Why is there no antimatter in the universe? The Cosmological Collider may provide the answer

(ORDO NEWS) — Scientists suggest that the reason for the dominance of matter over antimatter lies in the superheavy right-handed neutrinos. If the inflationary model is correct, traces of the existence of these microparticles should have been reflected in the large-scale structure of the Universe.

Researchers from the University of California at Riverside (USA) and Tsinghua University (China) have proposed a way to solve one of the main mysteries of modern physics – the baryon asymmetry of the Universe.

According to their calculations, the observed dominance of ordinary matter can be explained by the decay of heavy right-handed neutrinos in the first moments of the life of the Universe.

If the inflationary theory is correct, then traces of these neutrinos can be found in the inhomogeneities of the distribution of galaxies and cosmic microwave background radiation in outer space, the scientists write in Physical Review Letters.

Antimatter is atoms mirrored in electric charge. For example, if a hydrogen atom has a positively charged nucleus and a negatively charged electron, then an antihydrogen atom consists of a negatively charged nucleus and a positively charged electron.

Existing physical theories like the Standard Model and general relativity say that there should be as much antimatter in the universe as there is matter. Such symmetries are generally natural for nature, while symmetry violations must be justified separately.

However, in reality, scientists observe the absolute dominance of ordinary matter. Galaxies, stars, planets and living beings are created from it, while antimatter has never been recorded in significant quantities. Generally speaking, this is good news for people.

When antimatter meets matter, it annihilates that is, it explodes with the maximum possible power, converting all mass into energy.

If the Universe produced an equal amount of matter and antimatter, then they would mutually destroy each other, filling the world with pure radiation instead of galaxies, stars and planets with living beings.

But for scientists, the observed asymmetry between matter and antimatter is one of the biggest problems that needs to be addressed.

Why is there no antimatter in the universe The Cosmological Collider may provide the answer 2
Signs of the presence of right-handed neutrinos against the background of ordinary left-handed signals

Physicists propose to look for the answer to the problem of the baryon asymmetry of the Universe in the decay of right-handed (or sterile ) neutrinos. These are hypothetical neutrinos whose spin projection coincides with the direction of their motion.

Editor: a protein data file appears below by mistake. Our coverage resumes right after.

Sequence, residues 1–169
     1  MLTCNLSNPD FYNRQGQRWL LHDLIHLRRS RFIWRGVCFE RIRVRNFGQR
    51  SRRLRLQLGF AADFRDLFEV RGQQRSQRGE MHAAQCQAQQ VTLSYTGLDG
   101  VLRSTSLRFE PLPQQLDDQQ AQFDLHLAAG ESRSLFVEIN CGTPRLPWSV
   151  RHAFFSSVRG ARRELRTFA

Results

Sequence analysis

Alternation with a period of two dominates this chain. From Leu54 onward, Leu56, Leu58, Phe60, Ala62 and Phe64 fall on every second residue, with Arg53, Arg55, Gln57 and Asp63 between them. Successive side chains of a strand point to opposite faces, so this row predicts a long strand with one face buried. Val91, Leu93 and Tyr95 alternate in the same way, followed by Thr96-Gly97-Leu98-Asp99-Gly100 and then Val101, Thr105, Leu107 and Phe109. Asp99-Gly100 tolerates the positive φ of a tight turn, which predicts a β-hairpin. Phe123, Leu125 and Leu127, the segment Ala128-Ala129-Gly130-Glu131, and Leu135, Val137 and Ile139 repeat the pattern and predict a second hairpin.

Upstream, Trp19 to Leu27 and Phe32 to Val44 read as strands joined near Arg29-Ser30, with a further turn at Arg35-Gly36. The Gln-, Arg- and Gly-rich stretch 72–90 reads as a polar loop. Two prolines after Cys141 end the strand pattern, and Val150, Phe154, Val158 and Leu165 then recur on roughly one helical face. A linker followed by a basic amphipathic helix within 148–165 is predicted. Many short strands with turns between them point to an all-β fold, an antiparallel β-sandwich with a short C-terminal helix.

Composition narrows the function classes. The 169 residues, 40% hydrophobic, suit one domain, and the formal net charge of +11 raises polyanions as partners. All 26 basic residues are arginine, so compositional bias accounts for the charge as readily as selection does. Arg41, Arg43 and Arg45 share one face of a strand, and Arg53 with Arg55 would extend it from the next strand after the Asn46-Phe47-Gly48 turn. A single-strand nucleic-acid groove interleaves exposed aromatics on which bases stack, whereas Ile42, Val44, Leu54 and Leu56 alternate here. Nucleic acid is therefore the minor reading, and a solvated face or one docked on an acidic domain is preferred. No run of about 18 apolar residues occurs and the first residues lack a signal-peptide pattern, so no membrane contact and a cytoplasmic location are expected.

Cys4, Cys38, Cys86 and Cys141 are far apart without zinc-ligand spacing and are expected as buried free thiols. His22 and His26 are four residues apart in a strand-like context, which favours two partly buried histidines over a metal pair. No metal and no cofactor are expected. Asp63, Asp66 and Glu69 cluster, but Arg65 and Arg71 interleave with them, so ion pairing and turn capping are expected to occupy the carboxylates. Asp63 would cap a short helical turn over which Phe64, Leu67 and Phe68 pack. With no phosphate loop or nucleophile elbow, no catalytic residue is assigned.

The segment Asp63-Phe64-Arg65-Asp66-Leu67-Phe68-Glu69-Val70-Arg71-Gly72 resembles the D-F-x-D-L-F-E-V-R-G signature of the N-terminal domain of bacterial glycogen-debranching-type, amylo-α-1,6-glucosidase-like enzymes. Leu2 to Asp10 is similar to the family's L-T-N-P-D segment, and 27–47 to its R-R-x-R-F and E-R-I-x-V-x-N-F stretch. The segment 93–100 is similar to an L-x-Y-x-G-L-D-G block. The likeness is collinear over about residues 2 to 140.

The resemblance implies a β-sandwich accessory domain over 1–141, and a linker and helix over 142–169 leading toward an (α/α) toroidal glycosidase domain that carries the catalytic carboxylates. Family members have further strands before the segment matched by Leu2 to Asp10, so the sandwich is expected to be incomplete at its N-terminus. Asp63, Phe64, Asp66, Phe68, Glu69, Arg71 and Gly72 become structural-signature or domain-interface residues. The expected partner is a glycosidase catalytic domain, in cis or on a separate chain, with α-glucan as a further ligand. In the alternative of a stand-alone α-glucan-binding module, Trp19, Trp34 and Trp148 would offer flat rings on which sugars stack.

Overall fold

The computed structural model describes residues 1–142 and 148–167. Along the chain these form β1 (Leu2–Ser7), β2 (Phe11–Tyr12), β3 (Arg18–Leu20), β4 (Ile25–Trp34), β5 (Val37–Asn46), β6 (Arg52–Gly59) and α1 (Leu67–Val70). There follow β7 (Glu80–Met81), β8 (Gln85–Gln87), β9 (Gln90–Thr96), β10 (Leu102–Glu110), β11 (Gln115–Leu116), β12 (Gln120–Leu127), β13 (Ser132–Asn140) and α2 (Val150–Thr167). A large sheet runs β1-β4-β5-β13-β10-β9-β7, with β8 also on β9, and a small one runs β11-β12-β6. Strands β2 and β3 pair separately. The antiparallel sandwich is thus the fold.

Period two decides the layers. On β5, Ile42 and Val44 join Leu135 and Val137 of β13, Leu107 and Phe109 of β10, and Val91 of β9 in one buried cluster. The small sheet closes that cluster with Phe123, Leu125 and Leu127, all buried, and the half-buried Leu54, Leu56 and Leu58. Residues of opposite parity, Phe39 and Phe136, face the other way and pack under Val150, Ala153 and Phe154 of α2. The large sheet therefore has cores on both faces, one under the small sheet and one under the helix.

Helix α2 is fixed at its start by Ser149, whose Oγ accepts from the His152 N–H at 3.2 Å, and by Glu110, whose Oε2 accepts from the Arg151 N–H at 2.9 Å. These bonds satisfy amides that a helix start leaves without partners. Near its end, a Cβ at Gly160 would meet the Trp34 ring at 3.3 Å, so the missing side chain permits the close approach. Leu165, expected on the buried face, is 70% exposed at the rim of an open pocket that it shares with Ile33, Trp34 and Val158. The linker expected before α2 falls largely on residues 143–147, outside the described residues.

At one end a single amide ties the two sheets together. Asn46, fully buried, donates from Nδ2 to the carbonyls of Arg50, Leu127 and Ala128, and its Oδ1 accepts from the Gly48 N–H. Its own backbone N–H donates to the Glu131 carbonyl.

Hypothetical – because they do not occur in nature and it is impossible to create them on your own (unlike antimatter). Too much energy will have to be spent on this, even the Large Hadron Collider will not cope.

But in the first moments of the existence of the Universe (about 10 to -36 seconds), the energy density was 10 trillion times higher than in the LHC, and right-handed neutrinos should have appeared in excess. Their subsequent decay could cause the baryon asymmetry of the Universe.

However, there is no need to test this theory experimentally if one can go directly to the history of the universe using the inflationary model. This model is designed to explain the apparent homogeneity of the universe, which the Big Bang theory cannot explain.

According to the inflationary model, the Universe in the first moments of its life expanded at an enormous rate (in a millionth of a second, the volume increased by a factor of 10 to the 78th power), and the slightest quantum fluctuations were imprinted in the observed large-scale structure of the cosmos.

This means that in this structure one can also find imprints of the existence of right-handed neutrinos. This approach is called the cosmological collider, where the role of the collider (particle accelerator) is played by the period of inflationary expansion of the Universe.

This is the essence of the new work of physicists from the US and China: they show how the cosmos can store traces of the processes that took place during the period of inflationary expansion.

According to Yanou Cui of the University of California, these superheavy particles should have left distinct imprints of their existence in the three-dimensional structure of the universe, which can be found with telescopes in the coming years. Then one of the main mysteries of physics will finally be solved.


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